Alex Thomas, creative director, acknowledged that there are other passions than visual effects alone. “I enjoyed editing my first few film projects, so was headed in that direction when I realised how big a role technology was increasingly playing,” he revealed. “I could see that VFX would be integral to the future of storytelling. I have never been a VFX or sci-fi junkie, and it still really is all about the story for me.”

"Harry Potter and the Philosopher's Stone" - original book coverSome people working in visual effects draw their inspiration not from film at all, but from some related art form. For example, Catherine Jackson, producer, was inspired by a certain boy wizard. “I grew up reading the Harry Potter books, imagining how characters like Dobby could possibly be brought to life,” she commented. “At the age of around 14, I found out that a family member had a job at a place called Framestore, where she was working on the second Harry Potter film. I immediately asked if I could do work experience there. Five years later I was working at Framestore as a runner during my university summer holidays, and now I’m entering my second year as a producer.”

For Andy Walker, CG supervisor, an enthusiasm for 1980s science fiction films was supplemented by a fascination with computer games. “When cut scenes began creating CG imagery, it really inspired a world of possibilities,” he observed. “Games as early as Worms – followed by cinematics such as the intro to Wipeout 2097 – showed that CG could create amazing worlds which had never been seen before. It just needed the complexity to catch up to see it on the big screen.”

Then there’s music. Matt McHugo, head of MCR, remarked, “I have always had a keen interest in music promos. Chris Cunningham’s work for Bjork and Aphex Twin inspired me to continue my studies in Media Production at UWE in Bristol. I then charmed my way into MPC through summer work experience.”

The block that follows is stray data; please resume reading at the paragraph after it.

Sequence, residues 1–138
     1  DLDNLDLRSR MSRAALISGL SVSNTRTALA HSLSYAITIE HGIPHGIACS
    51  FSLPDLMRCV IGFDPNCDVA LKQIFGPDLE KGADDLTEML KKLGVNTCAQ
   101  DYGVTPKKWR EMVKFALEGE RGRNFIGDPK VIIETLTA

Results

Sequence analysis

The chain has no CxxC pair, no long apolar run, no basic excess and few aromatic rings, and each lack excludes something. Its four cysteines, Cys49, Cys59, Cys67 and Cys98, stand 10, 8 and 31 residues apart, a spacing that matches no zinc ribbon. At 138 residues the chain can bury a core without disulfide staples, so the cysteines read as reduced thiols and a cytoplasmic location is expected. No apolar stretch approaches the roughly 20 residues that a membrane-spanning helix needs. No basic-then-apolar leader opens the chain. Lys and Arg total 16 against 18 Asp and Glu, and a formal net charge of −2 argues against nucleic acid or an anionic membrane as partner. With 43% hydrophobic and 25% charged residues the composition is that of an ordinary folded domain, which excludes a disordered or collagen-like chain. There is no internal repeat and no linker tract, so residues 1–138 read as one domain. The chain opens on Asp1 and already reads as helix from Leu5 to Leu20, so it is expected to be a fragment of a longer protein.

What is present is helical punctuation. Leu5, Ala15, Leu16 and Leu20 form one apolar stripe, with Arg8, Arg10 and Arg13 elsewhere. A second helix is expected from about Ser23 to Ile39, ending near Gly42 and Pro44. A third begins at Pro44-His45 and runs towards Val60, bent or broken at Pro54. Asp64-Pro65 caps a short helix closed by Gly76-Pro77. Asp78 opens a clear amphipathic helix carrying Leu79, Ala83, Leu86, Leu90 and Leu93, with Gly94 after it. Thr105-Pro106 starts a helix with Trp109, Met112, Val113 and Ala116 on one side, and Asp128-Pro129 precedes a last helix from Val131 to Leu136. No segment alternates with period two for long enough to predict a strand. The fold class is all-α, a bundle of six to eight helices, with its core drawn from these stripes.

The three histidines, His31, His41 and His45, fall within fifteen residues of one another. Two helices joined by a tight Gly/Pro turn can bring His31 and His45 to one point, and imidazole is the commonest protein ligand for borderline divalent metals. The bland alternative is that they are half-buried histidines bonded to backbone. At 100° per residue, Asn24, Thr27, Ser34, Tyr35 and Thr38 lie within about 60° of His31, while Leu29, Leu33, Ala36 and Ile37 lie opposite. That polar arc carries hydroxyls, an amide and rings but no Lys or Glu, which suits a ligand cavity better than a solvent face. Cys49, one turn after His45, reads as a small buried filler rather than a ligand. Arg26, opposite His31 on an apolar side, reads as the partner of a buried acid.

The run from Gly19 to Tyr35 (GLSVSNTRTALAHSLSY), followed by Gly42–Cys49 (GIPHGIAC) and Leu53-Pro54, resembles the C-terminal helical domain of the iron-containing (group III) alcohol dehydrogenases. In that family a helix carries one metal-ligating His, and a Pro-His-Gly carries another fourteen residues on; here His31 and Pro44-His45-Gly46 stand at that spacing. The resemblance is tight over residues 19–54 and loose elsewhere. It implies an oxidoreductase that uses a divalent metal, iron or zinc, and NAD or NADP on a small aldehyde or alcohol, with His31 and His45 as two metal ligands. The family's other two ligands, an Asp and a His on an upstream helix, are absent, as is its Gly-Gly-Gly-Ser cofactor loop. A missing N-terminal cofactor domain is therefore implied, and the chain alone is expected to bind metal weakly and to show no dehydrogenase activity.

Watch Bjork’s music video All is Full of Love, directed by Chris Cunningham, post-production by Glassworks:

Michael Ralla, senior Nuke compositor, dreamed of taking his love of music one stage further. “As a teenager, all I wanted was to become a professional Metal drummer with wild hair and a lot of groupies,” he confessed. “After some parental intervention, that idea evolved into studying sound engineering. An accident forced me to readjust, and I figured that working with video is essentially the same – both processes are about altering waves; it’s just that the wavelengths are different.”

What’s Visual Effects?

Much as the industry is full of VFX junkies, there are still those who ended up working in the business purely by chance. “When I was a child I wanted to be a film producer, but by the time I finished university I had no idea what I wanted to do,” remarked Oliver Bersey, VFX supervisor. “I applied absolutely everywhere, and someone was stupid enough to give me a job here. That’s when the fascination started. Oh, and I’ve never seen a Star Wars film.”

But the final word must go to Amandla Crichlow, management PA, who confessed that she applied to Framestore simply because “I was broke and I needed a job.” Expressing solidarity with Bersey, she added, “And I’ve never seen Star Wars either.”

Framestore Logo

Framestore was formed in 1986, and has offices in London, Montreal, New York and Los Angeles. In recent years, its film division has created visual effects for features including Harry Potter and the Deathly Hallows (Parts 1 & 2), War Horse, Gravity and Guardians of the Galaxy. Recent advertising work includes campaigns for brands including Sony, Honda, Pillsbury and M&Ms. Thanks to all the staff from both its Film and Integrated Advertising divisions who contributed to this article.

Special thanks to Rob Goodway and Stephanie Bruning.

One thought on “Inspiring Framestore

  1. Where do people dream up this nonsense?
    I guess its from the perspective of someone who has yet to wake up to the reality of a career in vfx …